You said, “it’s still an undeniable fact that Christianity has taught from the very early stages that their founder was crucified.” I would argue the stories we have and the history of those stories don’t portray Jesus as the founder of Christianity: the stories portray him as a sage or the like, with capacities for magical healing (with spittle as others such as Vespasian were said to have had), and with a streak of table-upturning.

      Further to my previous point about accounts about the lack of early accounts about Christian communities, there is also an ongoing discrepancy between the gospel stories about Jesus and when the movement is first manifest in large scale: the writings of Justin Martyr, Irenaeus and Origen and their contemporaries are not writings about Christian communities: they’re writing about other writings or, particularly in Irenaeus’s case, writing about and against nonChristians. AFAIK, the earliest account about a congregation is a 4th century priest complaining about his congregants turning to acknowledge the sun before they enter church, a legacy from the Sol Invictus religion that dominated the Roman Empire in the late 3rd century (but about which we hardly ever hear).

      1. “I find it incredibly difficult to imagine a sequence of events that would lead to people telling stories of a Messiah who had recently lived on earth that doesn’t involve an actual person being thought to be that Messiah.”

        Dr Sarah how many generations does “recently” imply? Why do you discount Pliny’s account of the Christian Cult in decline? Which implies an easy switch from a Celestial Jesus to an Earthly Jesus.

        Cf. Carrier, Richard (2020). “How Did Christianity Switch to a Historical Jesus?” Jesus from Outer Space. ISBN 978-1-63431-208-0. pp. 152ff.

        1. @db: Hi again! Replying to your comment:

          Dr Sarah how many generations does “recently” imply?

          Good question; ‘recently’ here is definitely a relative term, as we’re talking about decades (or probably 1 – 2 generations, if that’s how you prefer to do your measuring). However, all examples I’ve so far seen of people telling multiple detailed stories about the earthly life of an entirely mythical character are set centuries in the past, so either all the gospel writers were completely outside the typical range there, or else the story is actually a mythicised version of a person who originally lived on earth at around the given time.

          Why do you discount Pliny’s account of the Christian Cult in decline?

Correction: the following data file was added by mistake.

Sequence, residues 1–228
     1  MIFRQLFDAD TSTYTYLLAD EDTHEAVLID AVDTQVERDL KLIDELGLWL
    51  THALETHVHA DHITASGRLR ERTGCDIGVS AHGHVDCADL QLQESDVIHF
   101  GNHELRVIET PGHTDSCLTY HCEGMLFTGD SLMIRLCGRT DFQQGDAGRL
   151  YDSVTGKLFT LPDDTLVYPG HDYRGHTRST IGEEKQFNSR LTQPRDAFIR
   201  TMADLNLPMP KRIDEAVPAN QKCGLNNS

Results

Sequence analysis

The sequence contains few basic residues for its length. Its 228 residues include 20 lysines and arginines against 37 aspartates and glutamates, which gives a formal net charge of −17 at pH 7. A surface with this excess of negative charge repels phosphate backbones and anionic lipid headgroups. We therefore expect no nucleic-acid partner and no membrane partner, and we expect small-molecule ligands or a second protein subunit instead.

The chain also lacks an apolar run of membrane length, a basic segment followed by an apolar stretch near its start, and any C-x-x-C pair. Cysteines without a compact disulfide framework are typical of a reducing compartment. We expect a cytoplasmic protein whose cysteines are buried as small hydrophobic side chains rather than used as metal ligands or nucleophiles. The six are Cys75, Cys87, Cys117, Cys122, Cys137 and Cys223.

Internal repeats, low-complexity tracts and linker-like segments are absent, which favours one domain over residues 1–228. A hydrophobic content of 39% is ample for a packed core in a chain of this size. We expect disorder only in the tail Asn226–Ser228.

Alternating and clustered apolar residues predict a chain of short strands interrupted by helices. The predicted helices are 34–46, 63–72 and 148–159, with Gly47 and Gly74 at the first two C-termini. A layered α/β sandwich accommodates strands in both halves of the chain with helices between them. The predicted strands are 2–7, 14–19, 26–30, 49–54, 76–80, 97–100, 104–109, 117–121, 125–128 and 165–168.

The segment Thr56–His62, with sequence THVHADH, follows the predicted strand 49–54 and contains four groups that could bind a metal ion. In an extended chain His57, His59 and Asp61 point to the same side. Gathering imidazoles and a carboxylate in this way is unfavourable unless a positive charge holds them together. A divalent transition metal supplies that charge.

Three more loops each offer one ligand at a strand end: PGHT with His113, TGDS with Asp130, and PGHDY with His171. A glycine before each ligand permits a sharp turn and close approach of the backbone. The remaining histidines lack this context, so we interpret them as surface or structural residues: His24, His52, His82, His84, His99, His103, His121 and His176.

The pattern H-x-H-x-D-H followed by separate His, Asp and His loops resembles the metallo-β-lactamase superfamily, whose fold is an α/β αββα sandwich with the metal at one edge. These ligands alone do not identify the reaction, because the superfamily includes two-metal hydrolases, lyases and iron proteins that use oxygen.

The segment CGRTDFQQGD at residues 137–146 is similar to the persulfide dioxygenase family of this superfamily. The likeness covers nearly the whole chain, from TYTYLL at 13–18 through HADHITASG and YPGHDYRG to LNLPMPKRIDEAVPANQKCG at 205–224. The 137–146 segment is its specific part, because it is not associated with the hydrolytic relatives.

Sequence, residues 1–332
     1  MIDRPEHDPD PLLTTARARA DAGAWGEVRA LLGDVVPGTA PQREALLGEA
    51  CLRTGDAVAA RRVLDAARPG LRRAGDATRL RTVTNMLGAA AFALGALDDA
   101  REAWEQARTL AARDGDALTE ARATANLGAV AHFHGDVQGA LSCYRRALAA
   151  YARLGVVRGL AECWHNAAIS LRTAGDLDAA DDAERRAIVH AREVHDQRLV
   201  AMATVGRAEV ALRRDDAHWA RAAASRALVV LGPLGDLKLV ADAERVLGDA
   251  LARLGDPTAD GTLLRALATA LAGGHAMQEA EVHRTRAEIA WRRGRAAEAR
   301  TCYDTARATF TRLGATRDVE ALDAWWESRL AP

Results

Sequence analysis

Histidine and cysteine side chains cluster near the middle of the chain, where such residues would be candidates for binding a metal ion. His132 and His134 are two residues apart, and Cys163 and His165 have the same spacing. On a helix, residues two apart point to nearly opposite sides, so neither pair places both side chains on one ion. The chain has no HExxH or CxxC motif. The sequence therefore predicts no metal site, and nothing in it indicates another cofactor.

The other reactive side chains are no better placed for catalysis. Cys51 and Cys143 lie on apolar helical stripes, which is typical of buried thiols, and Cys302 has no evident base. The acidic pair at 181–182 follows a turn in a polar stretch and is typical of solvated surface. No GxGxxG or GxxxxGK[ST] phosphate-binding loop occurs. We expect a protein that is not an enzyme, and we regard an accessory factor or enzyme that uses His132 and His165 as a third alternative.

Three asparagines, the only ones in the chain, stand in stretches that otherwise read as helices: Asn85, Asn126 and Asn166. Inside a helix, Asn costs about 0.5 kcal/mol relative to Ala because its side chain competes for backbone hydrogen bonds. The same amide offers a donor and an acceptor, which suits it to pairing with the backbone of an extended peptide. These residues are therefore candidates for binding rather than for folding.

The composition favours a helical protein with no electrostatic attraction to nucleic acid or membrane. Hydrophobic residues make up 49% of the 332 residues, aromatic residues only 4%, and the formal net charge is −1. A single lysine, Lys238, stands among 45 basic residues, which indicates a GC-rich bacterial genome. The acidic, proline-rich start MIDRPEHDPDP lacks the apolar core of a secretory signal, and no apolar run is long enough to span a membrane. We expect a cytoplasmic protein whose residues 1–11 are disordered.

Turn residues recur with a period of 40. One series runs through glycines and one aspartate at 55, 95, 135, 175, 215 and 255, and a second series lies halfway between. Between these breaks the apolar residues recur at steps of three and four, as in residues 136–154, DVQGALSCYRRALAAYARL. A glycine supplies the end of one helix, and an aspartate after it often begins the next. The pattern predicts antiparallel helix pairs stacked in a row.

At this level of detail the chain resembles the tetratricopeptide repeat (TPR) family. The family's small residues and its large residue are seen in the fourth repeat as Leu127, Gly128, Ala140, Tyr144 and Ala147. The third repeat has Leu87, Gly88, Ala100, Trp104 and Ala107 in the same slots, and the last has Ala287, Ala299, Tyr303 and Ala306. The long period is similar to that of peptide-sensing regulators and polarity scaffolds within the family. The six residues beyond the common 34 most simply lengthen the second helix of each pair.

Pliny’s letter doesn’t give an account of a cult ‘in decline’. It certainly doesn’t sound as though Christianity at the time was the runaway roaring success that the author of Acts tried to claim, and no great surprise there; but ‘decline’ means that things are going downhill from a previous state, and we simply don’t get that information from the letter one way or the other.

          I don’t own the particular book that you’re citing, but I’ve managed to read the section on Pliny as it’s visible with the Amazon ‘look inside’ feature, and Carrier seems to be reading things into the letter that aren’t there. He writes that Christians ‘had never even appeared on Pliny’s radar, anywhere, ever’: no, what Pliny actually writes is that he’d never had any dealings with legal cases involving Christianity, not that the religion had never been on his radar at all. Carrier talks as though Pliny were actively searching for Christians (‘those who could be rousted up as Christians’, ‘it was a labor even to find them’, ‘…until he was pressed to search…’). But there is nothing at all in Pliny’s letter to suggest that he was searching for Christians or trying to ‘roust up’ anyone’; instead he refers only to people who came before him as a result of accusations. And, while Carrier’s technically correct to state that Christianity ‘was even losing membership’, in that Pliny does describe speaking to individuals who admitted to being Christians previously but swore that they had left the group years before, ‘losing membership’ is rather misleading as an overall descriptor, since it tells us nothing about the overall change in membership levels. (A group can lose individual members yet still grow overall; it depends on the comparative rates of losing vs. gaining, so the fact that Pliny encountered some people who’d left over the previous decades in no way gives us enough basis to conclude that overall membership was going down.) I agree that Pliny’s letter is evidence that Christianity was at best a small cult that hadn’t made enormous progress at that point, but Carrier’s interpretation requires making entirely unproved assumptions.